Summit County Library book club connects teens
Students in grades seven through 12 can join
April 18, 2017
Teens in Summit County looking for some book recommendations, or even just to spend time with some like-minded students, have a new place to hang out.
In the fall, the Summit County Library started the "Read It & Reap Book Club" for students throughout the county in grades seven through 12. The club, which meets on the fourth Monday of each month, explores books in various genres, offering students the chance to push out of their literary comfort zones and try something new.
"It helps them learn different concepts and gives them different perspectives," said Shaylee Phelps, outreach services librarian for the Summit County Library. "And it gives them a different experience than video games or garbage TV or YouTube and anything like that. It helps them think about things in a different way and is hopefully thought-provoking."
Phelps said the library started the club after encouragement from its teen advisory board, which had long been clamoring for one. But with students spread throughout the far reaches of the county, it took some creativity to make the club accessible to everyone. Rather than requiring teens from Coalville and Kamas to drive to the Kimball Junction Branch, for instance, the library uses video chat at its three branches to connect the students at each meeting.
"We wanted to make it countywide because we're the Summit County Library with three branches," Phelps said. "But we didn't want to make the kids have to travel to one spot. Even if we only get two kids at each of the branches, that's still six kids. That's a pretty good discussion group."
Kristen Nilsson, a youth services librarian, said the club has been heartening because engaging young readers is one of the library's top priorities. She encourages any teen interested in books to join.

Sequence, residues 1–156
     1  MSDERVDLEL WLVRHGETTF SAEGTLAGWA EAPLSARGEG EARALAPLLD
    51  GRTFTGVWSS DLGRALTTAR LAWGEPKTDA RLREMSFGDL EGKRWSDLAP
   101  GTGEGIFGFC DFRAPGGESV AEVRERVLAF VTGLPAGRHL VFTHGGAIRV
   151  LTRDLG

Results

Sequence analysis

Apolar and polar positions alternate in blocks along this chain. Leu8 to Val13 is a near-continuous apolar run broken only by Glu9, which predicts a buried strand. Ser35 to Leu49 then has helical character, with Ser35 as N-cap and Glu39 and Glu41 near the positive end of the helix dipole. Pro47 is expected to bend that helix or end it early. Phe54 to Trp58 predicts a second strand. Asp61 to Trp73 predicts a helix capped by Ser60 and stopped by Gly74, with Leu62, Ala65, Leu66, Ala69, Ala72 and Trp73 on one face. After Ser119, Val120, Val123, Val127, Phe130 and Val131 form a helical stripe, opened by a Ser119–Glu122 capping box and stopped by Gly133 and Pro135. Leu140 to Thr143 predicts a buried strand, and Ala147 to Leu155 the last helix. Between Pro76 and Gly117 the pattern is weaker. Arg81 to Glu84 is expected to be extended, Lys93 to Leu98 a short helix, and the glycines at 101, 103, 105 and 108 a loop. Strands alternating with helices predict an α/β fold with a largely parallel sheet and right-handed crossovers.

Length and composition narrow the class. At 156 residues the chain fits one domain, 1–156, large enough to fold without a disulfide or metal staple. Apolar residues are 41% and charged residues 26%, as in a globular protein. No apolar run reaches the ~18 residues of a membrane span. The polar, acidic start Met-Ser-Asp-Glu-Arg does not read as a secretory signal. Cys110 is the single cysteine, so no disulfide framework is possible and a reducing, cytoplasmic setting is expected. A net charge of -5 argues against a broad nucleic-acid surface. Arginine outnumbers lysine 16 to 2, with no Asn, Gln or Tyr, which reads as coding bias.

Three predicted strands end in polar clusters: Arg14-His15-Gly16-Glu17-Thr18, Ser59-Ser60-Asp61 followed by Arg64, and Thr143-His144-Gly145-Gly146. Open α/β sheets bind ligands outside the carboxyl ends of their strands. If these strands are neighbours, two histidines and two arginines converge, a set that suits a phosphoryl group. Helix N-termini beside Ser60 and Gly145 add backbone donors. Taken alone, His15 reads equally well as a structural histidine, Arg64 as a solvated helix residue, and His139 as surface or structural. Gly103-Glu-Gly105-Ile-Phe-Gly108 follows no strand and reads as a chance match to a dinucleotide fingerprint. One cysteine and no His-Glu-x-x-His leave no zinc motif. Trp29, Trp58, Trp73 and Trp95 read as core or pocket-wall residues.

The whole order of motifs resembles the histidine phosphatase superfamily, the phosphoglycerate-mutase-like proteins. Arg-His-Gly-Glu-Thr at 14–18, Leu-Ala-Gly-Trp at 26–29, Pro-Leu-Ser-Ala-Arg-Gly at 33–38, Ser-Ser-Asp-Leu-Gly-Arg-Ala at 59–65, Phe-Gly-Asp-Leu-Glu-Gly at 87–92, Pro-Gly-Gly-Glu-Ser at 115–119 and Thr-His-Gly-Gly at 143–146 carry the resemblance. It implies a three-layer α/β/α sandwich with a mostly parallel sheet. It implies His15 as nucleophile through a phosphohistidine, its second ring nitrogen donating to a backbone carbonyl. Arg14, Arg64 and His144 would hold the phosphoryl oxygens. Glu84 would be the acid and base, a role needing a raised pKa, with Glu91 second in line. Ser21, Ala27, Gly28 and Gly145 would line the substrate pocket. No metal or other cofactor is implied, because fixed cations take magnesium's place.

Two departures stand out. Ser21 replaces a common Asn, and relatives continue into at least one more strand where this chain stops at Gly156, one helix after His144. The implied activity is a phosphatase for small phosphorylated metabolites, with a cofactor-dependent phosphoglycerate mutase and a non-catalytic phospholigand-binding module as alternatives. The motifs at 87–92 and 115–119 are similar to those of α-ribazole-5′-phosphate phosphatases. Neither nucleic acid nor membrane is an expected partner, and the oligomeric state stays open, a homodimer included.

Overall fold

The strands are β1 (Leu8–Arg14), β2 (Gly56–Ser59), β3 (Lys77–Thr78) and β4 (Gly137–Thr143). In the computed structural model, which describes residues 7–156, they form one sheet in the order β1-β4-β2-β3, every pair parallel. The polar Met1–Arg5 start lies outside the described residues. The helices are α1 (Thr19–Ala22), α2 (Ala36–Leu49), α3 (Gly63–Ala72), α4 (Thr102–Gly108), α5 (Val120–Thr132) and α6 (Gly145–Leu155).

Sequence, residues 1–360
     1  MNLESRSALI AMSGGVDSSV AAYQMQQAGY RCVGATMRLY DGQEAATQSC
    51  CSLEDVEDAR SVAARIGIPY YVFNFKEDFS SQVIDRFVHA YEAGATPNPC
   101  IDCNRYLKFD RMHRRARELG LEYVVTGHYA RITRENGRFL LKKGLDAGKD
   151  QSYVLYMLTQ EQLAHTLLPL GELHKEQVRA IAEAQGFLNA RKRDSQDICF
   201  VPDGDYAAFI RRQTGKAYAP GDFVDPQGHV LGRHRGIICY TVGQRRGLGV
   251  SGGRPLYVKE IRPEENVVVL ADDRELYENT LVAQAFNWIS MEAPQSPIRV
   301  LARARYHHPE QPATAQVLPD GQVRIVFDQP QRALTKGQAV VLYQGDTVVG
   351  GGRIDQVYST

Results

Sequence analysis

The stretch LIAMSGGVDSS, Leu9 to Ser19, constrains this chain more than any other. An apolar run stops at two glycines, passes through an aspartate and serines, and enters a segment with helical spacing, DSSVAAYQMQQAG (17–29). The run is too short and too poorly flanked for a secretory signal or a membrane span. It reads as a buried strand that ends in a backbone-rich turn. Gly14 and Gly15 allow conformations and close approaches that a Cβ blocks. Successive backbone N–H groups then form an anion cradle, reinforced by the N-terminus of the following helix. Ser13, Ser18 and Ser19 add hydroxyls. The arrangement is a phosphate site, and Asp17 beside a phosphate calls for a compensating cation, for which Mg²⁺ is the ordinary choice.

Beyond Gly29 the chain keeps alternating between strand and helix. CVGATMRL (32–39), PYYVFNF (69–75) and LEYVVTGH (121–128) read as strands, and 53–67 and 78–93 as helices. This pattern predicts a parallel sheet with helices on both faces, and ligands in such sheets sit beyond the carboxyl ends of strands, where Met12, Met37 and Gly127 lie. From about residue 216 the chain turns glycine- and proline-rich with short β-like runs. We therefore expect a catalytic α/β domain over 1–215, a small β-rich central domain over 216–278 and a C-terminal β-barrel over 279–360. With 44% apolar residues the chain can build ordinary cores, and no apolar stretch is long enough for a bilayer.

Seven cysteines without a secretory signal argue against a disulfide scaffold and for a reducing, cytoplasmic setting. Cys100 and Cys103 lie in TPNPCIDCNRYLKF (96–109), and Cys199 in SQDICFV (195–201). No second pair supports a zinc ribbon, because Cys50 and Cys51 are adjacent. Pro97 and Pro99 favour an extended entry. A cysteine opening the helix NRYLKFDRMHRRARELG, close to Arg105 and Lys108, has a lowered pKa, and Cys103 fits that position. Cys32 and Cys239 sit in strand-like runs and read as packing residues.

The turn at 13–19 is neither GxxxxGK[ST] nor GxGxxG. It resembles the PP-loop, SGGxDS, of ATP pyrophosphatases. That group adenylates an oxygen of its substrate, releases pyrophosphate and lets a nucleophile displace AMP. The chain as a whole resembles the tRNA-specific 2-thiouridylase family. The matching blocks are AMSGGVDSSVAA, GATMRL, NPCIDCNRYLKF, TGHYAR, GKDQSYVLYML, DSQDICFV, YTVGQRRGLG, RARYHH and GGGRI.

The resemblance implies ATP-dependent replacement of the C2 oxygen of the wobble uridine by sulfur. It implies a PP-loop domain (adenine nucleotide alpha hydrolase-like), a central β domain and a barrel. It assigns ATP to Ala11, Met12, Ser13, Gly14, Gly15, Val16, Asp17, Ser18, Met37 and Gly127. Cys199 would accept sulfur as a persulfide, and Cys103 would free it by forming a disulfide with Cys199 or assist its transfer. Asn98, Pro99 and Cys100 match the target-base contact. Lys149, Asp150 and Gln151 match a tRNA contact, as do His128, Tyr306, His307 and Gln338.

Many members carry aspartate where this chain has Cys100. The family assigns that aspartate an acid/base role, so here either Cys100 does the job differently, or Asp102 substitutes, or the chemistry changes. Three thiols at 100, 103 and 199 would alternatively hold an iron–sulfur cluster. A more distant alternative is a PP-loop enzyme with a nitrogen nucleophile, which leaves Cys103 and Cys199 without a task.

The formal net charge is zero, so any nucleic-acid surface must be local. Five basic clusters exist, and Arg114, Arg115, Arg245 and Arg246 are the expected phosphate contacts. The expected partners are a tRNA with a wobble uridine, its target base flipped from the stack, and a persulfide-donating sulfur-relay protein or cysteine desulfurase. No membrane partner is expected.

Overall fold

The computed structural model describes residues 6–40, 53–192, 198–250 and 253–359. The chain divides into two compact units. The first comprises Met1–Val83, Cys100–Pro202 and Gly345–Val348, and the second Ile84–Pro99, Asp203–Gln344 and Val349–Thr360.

"First of all, it's fun for them to get together and talk about books outside of school that they haven't been assigned, which they're usually a lot more enthusiastic about," she said. "And it's fun to be with people of your own age and have that social time. I love that they are reading."
In June, the library plans to make an important tweak to the club, however. Rather than having students all read the same book, they will be allowed to choose their own book each month within certain themes, ranging from love to magical creatures, Phelps said. Then, at the monthly meeting, they'll participate in crafts and other activities related to the theme, which Phelps hopes will inspire a more informal discussion of books that will entice even more students to join the club.
"It won't be so much like a sit-down discussion," she said. "What we've found is teens just want to hang out and be with other teens. They don't necessarily want that deep, thought-provoking discussion like adults seek when they join a book club. We figure that, if we do crafts, they'll have something to do that's a little more fun, then they can each discuss the books they read. So maybe it will be like, 'Oh, that sounds great. I want to read that book now.' It will be them learning from other teens."
More information about the club can be found at the library's website, thesummitcountylibrary.org. The next meeting is scheduled for April 24 at 6 p.m. at any of the branches in the county. This month's book is "Between Shades of Gray" by Ruta Sepetys.